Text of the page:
timeout=5
splashimage=(hd0,1)/boot/grub/splash.xpm.gz
hiddenmenu
fallback 0 1
title Fedora OpenVZ (2.6.32-042stab053.5)
root (hd0,1)
kernel /boot/vmlinuz-2.6.32-042stab053.5 ro root=UUID=6fbdddf9-307c-49eb-83f5-ca1a4a63f584 rd_MD_UUID=1b9dc11a:d5a084b5:83f6d993:3366bbe4 rd_NO_LUKS rd_NO_LVM rd_NO_DM LANG=en_US.UTF-8 SYSFONT=latarcyrheb-sun16 KEYTABLE=sv-latin1 rhgb quiet crashkernel=auto
initrd /boot/initramfs-2.6.32-042stab053.5.img
savedefault fallback
title Fedora (2.6.35.12-88.fc14.i686)
root (hd0,1)
kernel /boot/vmlinuz-2.6.35.12-88.fc14.i686 ro root=UUID=6fbdddf9-307c-49eb-83f5-ca1a4a63f584 rd_MD_UUID=1b9dc11a:d5a084b5:83f6d993:3366bbe4 rd_NO_LUKS rd_NO_LVM rd_NO_DM LANG=en_US.UTF-8 SYSFONT=latarcyrheb-sun16 KEYTABLE=sv-latin1 rhgb quiet
initrd /boot/initramfs-2.6.35.12-88.fc14.i686.img
savedefault fallback

According to this configuration Grub will try to load ‘Fedora OpenVZ’ kernel once and if it fails system will be loaded into good ‘Fedora’ kernel. If ‘Fedora OpenVZ’ loads well you’ll be able to reach the server over the network after reboot. Notice lines ‘default=saved’ and ‘savedefault fallback’ which are mandatory to make fallback feature working.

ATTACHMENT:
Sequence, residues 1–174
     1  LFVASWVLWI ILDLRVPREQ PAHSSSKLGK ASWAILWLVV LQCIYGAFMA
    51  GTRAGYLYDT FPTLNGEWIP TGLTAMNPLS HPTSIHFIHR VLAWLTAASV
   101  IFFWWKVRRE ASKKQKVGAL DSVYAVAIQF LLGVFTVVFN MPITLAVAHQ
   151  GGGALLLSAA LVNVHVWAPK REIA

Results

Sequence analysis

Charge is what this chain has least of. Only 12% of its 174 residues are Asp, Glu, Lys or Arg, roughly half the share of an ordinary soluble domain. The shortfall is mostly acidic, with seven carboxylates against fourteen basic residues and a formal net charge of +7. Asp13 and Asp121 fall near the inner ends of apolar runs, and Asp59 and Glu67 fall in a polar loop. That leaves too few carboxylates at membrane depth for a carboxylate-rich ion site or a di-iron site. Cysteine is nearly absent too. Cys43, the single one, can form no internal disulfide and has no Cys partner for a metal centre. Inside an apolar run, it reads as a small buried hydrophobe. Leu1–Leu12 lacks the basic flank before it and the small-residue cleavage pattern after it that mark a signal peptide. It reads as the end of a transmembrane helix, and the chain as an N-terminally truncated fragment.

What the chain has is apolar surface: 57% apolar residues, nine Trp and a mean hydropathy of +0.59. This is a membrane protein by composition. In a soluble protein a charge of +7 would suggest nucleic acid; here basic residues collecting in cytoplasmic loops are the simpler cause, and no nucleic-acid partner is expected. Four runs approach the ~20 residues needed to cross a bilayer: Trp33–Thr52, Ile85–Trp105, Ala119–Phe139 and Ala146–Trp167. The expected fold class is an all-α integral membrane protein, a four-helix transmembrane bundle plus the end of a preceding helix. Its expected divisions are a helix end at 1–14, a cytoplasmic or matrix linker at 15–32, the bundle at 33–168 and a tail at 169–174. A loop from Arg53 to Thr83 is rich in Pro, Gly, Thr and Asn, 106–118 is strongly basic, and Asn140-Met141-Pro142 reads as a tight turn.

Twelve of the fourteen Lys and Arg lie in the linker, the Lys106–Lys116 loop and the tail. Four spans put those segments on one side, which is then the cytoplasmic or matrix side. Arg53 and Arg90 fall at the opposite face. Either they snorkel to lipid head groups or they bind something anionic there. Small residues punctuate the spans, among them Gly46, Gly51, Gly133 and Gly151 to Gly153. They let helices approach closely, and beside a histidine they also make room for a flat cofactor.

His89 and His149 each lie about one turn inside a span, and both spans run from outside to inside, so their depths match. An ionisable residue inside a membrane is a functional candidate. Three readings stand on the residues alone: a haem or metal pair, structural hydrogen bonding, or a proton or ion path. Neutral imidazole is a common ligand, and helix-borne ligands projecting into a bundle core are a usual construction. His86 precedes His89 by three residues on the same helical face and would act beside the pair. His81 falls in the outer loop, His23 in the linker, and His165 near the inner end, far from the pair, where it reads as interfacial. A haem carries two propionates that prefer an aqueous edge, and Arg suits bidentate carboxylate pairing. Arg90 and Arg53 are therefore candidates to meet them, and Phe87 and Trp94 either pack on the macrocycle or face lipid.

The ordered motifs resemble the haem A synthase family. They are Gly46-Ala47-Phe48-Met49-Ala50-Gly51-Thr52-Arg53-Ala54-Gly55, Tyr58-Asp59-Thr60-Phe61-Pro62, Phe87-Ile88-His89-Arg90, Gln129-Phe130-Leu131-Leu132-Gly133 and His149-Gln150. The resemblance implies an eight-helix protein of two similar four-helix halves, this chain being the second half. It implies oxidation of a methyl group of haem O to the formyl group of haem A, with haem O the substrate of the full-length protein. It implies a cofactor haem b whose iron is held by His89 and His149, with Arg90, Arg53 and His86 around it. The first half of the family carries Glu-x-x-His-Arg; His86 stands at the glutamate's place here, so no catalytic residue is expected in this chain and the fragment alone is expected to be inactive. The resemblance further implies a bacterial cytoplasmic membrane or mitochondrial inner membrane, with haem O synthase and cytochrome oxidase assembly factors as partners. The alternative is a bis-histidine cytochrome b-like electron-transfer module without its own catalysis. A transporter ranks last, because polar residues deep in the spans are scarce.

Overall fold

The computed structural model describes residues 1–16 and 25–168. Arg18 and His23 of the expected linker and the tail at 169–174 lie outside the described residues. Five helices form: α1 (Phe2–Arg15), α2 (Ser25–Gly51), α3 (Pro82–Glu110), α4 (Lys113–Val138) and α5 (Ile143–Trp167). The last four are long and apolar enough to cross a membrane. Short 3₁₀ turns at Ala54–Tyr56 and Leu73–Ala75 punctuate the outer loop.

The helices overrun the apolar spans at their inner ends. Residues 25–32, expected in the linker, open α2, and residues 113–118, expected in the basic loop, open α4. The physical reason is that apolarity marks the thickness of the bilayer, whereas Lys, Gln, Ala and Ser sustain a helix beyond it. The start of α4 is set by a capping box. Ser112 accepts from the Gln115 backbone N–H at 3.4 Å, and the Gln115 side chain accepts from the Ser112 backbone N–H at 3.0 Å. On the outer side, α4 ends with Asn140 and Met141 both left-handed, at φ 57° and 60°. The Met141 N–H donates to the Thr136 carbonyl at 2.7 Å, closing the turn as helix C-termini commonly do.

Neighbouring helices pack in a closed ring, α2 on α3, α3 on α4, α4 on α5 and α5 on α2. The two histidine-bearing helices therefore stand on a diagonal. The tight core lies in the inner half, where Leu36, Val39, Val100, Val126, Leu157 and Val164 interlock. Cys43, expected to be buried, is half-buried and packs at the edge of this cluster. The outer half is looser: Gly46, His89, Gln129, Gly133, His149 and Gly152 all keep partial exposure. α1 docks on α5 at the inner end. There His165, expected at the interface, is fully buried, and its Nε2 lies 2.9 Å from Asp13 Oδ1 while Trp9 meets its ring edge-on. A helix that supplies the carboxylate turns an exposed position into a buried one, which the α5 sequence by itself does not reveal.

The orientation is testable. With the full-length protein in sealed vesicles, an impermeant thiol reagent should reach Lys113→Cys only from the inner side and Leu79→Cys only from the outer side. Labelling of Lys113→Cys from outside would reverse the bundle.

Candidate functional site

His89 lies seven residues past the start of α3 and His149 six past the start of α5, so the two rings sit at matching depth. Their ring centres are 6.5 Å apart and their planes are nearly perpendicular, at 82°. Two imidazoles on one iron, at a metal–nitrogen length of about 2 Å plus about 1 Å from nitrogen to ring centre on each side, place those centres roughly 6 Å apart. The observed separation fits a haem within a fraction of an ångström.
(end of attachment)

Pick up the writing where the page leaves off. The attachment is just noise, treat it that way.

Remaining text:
Alternative way

I’ve heard that official Grub fallback feature may work incorrectly on RHEL5 (and Centos 5) so there is elegant workaround (found here):

1. Add param ‘panic=5′ to your new kernel line so it looks like below:

title Fedora OpenVZ (2.6.32-042stab053.5)
root (hd0,1)
kernel /boot/vmlinuz-2.6.32-042stab053.5 ro root=UUID=6fbdddf9-307c-49eb-83f5-ca1a4a63f584 rd_MD_UUID=1b9dc11a:d5a084b5:83f6d993:3366bbe4 rd_NO_LUKS rd_NO_LVM rd_NO_DM LANG=en_US.UTF-8 SYSFONT=latarcyrheb-sun16 KEYTABLE=sv-latin1 rhgb quiet crashkernel=auto panic=5